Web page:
Business boom in West Sacramento
West Sacramento is celebrating its 20th anniversary, and with it an economy that is changing its image as an industrial backwater.
By Lakiesha McGhee - Bee Staff Writer
Last Updated 5:33 am PST Wednesday, January 10, 2007
Chad Bidegain works on a weld section in the new 110,000-square-foot building for biotech firm Affymetrix that should be open by summer.
Technicians wearing protective, white "bunny suits" and eye goggles work in a secure environment where DNA is used to assemble genetic chips for drug discovery and other studies.
The technicians' work at Affymetrix in
Their work is reflective of
The city, which celebrates its 20th anniversary this year, has long worked to change its image as an industrial backwater of
Business parks have expanded with high-tech companies and other industry new to the city. National retailers such as Ikea have opened shop, attracting patrons from throughout the region. New shopping centers will house a Home Depot, Wal-Mart, Target and Lowe's Home Improvement, which are scheduled to open within the next few years.
"The warehouse and trucking jobs are not going to sustain us into the future," said Diane Richards, city economic development coordinator. "We believe if you don't keep getting better, you'll stop being good. We're always trying to improve the quality of life for our residents."
The need for change is driven by a surge in new housing and a need to provide higher-wage jobs for a growing population. An economic development report issued by the city in 2005 showed that while job growth in the private sector was good, average wages had declined.
The city has since refocused its efforts to attract five target industries: biotechnology, fuel cell work, logistics for warehouse distribution, food processing and retail. Many of the companies report they are expanding operations.
He explained that highly skilled workers are attracted to the city's location near an urban core, transportation, the waterfront and college campuses. Such advantages have helped
West Sacramento accounts for about 13,000 of the 15,000 jobs in
The city's 2005 report also found the region's distribution industry was hard hit by a weakened economy. Employment had fallen in the past three years and the
The city gained greater control of the port last year and developed a partnership with the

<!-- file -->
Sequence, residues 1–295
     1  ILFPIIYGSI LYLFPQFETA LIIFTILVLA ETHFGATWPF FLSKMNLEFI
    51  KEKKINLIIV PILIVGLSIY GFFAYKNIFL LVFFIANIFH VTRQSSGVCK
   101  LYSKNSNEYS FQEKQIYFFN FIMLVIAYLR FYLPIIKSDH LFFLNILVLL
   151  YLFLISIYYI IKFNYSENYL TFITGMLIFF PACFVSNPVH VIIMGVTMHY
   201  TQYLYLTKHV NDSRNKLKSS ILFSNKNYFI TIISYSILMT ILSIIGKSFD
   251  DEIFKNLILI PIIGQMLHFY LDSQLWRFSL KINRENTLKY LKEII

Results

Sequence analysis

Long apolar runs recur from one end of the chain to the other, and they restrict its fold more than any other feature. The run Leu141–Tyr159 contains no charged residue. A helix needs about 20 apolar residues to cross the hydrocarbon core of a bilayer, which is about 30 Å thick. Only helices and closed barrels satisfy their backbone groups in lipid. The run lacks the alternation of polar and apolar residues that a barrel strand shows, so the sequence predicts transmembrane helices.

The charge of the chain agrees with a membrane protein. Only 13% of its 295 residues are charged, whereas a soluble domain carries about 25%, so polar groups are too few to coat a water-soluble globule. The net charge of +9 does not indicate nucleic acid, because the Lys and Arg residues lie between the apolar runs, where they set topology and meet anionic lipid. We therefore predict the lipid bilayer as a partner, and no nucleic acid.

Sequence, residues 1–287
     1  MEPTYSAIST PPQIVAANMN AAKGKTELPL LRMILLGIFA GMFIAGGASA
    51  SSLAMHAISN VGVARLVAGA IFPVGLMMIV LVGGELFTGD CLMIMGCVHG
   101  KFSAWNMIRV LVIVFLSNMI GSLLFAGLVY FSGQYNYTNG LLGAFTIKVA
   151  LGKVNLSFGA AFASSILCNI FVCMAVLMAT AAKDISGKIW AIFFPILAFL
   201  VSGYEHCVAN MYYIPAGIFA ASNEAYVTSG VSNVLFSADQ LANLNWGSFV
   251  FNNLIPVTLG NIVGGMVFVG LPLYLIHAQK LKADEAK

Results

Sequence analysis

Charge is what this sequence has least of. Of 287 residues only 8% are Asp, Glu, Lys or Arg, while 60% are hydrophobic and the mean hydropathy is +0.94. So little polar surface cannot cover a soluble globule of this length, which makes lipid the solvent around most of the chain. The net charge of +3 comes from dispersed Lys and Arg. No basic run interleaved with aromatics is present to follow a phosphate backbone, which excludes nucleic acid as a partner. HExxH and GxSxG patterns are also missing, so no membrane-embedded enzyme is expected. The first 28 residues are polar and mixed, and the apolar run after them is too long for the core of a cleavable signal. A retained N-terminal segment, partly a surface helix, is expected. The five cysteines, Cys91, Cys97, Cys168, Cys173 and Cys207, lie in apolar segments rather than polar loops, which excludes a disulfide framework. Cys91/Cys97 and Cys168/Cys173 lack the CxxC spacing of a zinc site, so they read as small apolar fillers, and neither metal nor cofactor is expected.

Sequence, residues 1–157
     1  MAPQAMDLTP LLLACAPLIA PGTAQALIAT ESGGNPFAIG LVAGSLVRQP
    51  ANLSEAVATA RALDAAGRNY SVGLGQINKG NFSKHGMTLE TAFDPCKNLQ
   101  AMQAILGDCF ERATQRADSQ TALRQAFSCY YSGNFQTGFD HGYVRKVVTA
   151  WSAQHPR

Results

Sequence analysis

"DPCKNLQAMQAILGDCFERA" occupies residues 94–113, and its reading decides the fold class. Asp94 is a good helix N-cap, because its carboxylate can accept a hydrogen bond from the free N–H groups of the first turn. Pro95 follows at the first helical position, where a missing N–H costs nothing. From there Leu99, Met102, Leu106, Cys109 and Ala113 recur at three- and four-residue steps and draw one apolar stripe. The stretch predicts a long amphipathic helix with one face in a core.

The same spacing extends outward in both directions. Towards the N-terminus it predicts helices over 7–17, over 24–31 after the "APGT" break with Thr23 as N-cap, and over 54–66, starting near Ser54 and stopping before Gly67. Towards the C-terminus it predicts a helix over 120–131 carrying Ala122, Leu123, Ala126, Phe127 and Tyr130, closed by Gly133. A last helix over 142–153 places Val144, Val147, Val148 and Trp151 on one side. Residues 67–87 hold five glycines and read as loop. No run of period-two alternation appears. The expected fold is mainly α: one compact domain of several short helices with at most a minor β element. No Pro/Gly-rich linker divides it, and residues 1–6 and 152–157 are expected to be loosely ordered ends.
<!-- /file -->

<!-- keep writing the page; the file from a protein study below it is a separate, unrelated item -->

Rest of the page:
"We're still a young community, and we knew from the get-go that we would have major challenges to overcome if we were going to reach our dreams and become what we wanted to become," said Kay Fenrich, executive director of the West Sacramento Chamber of Commerce.
The city offers tax breaks and other incentives to attract new business, but mostly lures firms with competitive land prices and a streamlined planning process, Richards said.
However, some economic experts are skeptical about plans to lure biotech companies to boost job growth.
"The big problem with biotechnology is that everybody wants them and people are throwing all sorts of outlandish favors in their direction," said Joel Kotkin, a consultant on economic trends and author of "The New Geography, How the Digital Revolution is Reshaping the American Landscape."
Kotkin said competition for biotechnology firms is high and the jobs they create are few in number. Compared with the technology boom in the late 1990s, there is not a surge in biotechnology jobs to justify the appetite, he said.
"I'm not sure why biotechnology is so popular," Kotkin said. "I guess it's the flavor of the month. It's sexy. It's high-end jobs. It's clean industry."
If the hunt for more biotech companies comes up short, the city has other options.
A logical move for
In the meantime,
The most notable large biotech firms in
A new 110,000-square-foot building is being constructed at its site on
About the writer:
- The Bee's Lakiesha McGhee can be reached at (916) 321-1121 or firstname.lastname@example.org.
Employee Raul Cepeda walks in a section of the new Affymetrix building being constructed on